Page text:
We thank Dr. Mark Hamilton and Dr. Nathan Manghat (Cardiac Radiology Department, Bristol Heart Institute, University of Bristol, Bristol, UK) for their contribution and for providing us with the images that we used in this case report.
This research was supported by the National Institute for Health Research Biomedical Research Unit in Cardiovascular Disease at the University Hospitals Bristol NHS Foundation Trust and the University of Bristol, the British Heart Foundation, the Garfield Weston Trust, and the Sir Jules Thorn Charitable Trust.
5. McElhinney DB, Hellenbrand WE, Zahn EM, Jones TK, Cheatham JP, Lock JE, et al. Short-and medium-term outcomes after transcatheter pulmonary valve placement in the expanded multicenter US melody valve trial. Circulation (2010) 122(5):507–16. doi:10.1161/CIRCULATIONAHA.109.921692
6. Cheatham SL, Holzer RJ, Chisolm JL, Cheatham JP. The medtronic melody® transcatheter pulmonary valve implanted at 24-mm diameter – it works. Catheter Cardiovasc Interv (2013) 82(5):816–23. doi:10.1002/ccd.24821
7. Cools B, Brown SC, Heying R, Jansen K, Boshoff DE, Budts W, et al. Percutaneous pulmonary valve implantation for free pulmonary regurgitation following conduit-free surgery of the right ventricular outflow tract. Int J Cardiol (2015) 186:129–35.
8. Suleiman T, Kavinsky CJ, Skerritt C, Kenny D, Ilbawi MN, Caputo M. Recent development in pulmonary valve replacement after Tetralogy of Fallot repair: the emergence of hybrid approaches. Front Surg (2015) 2:22. doi:10.3389/fsurg.2015.00022
9. Chen Q, Turner M, Caputo M, Stoica S, Marianeschi S, Parry A. Pulmonary valve implantation using self-expanding tissue valve without cardiopulmonary bypass reduces operation time and blood product use. J Thorac Cardiovasc Surg (2013) 145(4):1040–5. doi:10.1016/j.jtcvs.2012.05.036
11. Han S, Yang J, Tang L, Chen X, Ma C-Y. Anomalous left superior pulmonary venous connection with intact interatrial septum. Echocardiography (2011) 28(5):E94–6. doi:10.1111/j.1540-8175.2010.01341.x
12. Stewart RD, Bailliard F, Kelle AM, Backer CL, Young L, Mavroudis C. Evolving surgical strategy for sinus venosus atrial septal defect: effect on sinus node function and late venous obstruction. Ann Thorac Surg (2007) 84(5):1651–5. doi:10.1016/j.athoracsur.2007.04.130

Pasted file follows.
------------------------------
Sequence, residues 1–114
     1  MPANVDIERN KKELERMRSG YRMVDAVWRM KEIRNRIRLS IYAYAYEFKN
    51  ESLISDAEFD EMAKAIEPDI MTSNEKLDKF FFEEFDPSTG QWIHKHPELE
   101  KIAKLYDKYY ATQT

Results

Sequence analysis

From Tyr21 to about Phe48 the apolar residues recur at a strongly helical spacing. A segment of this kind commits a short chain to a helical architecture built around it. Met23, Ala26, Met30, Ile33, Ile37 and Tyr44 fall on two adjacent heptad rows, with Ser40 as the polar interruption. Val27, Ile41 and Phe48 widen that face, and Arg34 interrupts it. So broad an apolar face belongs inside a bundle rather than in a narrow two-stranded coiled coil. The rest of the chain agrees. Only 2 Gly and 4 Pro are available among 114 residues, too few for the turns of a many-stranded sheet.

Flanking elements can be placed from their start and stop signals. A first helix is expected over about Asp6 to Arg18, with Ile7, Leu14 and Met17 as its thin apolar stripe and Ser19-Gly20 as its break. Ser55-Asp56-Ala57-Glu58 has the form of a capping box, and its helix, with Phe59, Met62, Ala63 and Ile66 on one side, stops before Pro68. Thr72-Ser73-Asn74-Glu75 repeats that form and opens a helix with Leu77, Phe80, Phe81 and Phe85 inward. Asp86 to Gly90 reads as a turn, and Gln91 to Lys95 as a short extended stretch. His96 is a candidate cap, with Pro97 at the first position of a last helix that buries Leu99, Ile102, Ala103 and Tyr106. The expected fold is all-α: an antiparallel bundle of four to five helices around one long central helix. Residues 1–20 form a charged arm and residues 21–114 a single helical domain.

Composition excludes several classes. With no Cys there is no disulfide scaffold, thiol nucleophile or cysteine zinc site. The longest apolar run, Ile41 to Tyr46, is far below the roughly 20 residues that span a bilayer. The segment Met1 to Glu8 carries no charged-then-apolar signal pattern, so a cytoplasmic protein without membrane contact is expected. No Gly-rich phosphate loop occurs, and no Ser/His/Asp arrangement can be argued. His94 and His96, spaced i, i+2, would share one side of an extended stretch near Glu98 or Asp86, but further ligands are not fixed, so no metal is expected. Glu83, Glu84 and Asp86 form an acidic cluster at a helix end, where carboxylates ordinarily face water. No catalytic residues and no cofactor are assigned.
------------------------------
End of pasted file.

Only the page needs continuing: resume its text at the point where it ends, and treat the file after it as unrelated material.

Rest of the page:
13. Ionescu A, Fraser AG, Butchart EG. Prevalence and clinical significance of incidental paraprosthetic valvar regurgitation: a prospective study using transoesophageal echocardiography. Heart (2003) 89(11):1316–21. doi:10.1136/heart.89.11.1316
15. Genoni M, Franzen D, Vogt P, Seifert B, Jenni R, Künzli A, et al. Paravalvular leakage after mitral valve replacement: improved long-term survival with aggressive surgery? Eur J Cardiothoracic Surg (2000) 17(1):14–9. doi:10.1016/S1010-7940(99)00358-9
16. Taramasso M, Maisano F, Latib A, Denti P, Guidotti A, Sticchi A, et al. Conventional surgery and transcatheter closure via surgical transapical approach for paravalvular leak repair in high-risk patients: results from a single-centre experience. Eur Heart J Cardiovasc Imaging (2014) 15(10):1161–7. doi:10.1093/ehjci/jeu105
17. Davidavicius G, Rucinskas K, Drasutiene A, Samalavicius R, Bilkis V, Zakarkaite D, et al. Hybrid approach for transcatheter paravalvular leak closure of mitral prosthesis in high-risk patients through transapical access. J Thorac Cardiovasc Surg (2014) 148(5):1965–9. doi:10.1016/j.jtcvs.2014.05.001
Keywords: ACHD, cardiac surgery, hybrid surgery, pulmonary valve replacement, paravalvular leak
Citation: Rapetto F, Kenny D, Turner M, Parry A, Stoica S, Uzun O and Caputo M (2017) Hybrid Surgery Options for Complex Clinical Scenarios in Adult Patients with Congenital Heart Disease: Three Case Reports. Front. Surg. 4:7. doi: 10.3389/fsurg.2017.00007
Received: 29 September 2016; Accepted: 24 January 2017;
Published: 09 February 2017
Edited by:Tomas Antonio Salerno, University of Miami, USA
Reviewed by:Vladimiro Vida, University of Padova, Italy
Luis Alberto Dallan, University of São Paulo, Brazil
Copyright: © 2017 Rapetto, Kenny, Turner, Parry, Stoica, Uzun and Caputo. This is an open-access article distributed under the terms of the Creative Commons Attribution License (CC BY). The use, distribution or reproduction in other forums is permitted, provided the original author(s) or licensor are credited and that the original publication in this journal is cited, in accordance with accepted academic practice. No use, distribution or reproduction is permitted which does not comply with these terms.
*Correspondence: Filippo Rapetto, firstname.lastname@example.org